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Putin faces green Olympic challenge

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Sochi is built on a narrow, subtropical strip of lush beachfront wedged between the towering Caucasus mountains and the Black Sea. Yet for all its natural advantages, the city is hobbled by transportation bottlenecks. One narrow mountain road and a single-track railroad are all that connects Sochi to the rest of Russia. The city's only thoroughfare, Kurortny Prospekt, is often paralyzed with traffic jams. Moreover, the city's antiquated seaport cannot receive oceangoing ships. In a recent speech, Mr. Putin complained that Sochi's sewage system needs rebuilding.

"The infrastructural challenges facing us are immense, we know that," says Alexei Malkov, head of the city government's information department.

But one of the political storms the Kremlin is trying to weather as it transforms underdeveloped Sochi into a world-class venue is an outcry by ecologists over rapid development in the formerly pristine mountain region.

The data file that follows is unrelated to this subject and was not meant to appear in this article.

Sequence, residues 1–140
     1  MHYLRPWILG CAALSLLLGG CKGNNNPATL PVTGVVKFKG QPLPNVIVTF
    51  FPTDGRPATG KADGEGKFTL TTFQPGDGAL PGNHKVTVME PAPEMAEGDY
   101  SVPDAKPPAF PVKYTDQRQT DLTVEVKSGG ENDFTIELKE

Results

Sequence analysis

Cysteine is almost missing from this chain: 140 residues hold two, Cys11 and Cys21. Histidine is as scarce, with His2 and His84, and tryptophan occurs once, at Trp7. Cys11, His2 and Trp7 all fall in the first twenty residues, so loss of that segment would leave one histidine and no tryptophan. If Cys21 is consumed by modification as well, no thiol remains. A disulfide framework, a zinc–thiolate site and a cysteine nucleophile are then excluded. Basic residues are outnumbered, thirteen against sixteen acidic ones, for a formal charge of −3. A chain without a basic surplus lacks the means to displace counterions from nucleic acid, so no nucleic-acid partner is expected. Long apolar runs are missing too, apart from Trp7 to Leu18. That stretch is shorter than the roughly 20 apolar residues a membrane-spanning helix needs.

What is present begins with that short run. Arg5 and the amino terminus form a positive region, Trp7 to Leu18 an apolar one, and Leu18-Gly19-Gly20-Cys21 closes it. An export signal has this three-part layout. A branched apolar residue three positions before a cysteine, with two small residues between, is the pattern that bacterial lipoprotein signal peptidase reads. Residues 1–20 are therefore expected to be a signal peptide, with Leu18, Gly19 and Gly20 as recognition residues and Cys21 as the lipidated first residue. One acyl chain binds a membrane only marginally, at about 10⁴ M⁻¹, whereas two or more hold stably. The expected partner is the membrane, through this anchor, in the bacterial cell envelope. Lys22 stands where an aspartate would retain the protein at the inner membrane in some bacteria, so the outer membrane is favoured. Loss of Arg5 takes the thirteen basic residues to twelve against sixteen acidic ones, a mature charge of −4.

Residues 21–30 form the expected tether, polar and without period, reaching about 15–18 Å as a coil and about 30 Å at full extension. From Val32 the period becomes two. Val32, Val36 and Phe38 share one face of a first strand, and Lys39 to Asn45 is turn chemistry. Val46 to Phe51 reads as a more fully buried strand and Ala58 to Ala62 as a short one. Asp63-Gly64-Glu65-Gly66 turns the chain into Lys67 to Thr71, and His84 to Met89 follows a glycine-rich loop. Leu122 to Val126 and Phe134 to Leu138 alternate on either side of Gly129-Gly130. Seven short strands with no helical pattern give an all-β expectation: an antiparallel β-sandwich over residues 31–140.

A decision taken last week by Putin to move several Olympic installations may force some developers to go back to the drawing boards. "In determining our priorities – money or the environment – we chose the environment," Putin told a meeting of the International Olympic Committee (IOC) in Sochi last week.

Among the sites that will need to be moved, he said, are a bobsled run that cuts close to a UNESCO-protected nature reserve, an athlete village, a road, and a water-extraction plant. Local environmentalists say they're pleased with Putin's choice, but add that more installations need to be moved further from the fragile Grushevy Ridge. "We hope the government will move all the Olympic [infrastructure] from that area, or these concessions will be just half measures," says Dmitri Kaptsov, spokesman for the Caucasus Ecological Wave, an environmental group.

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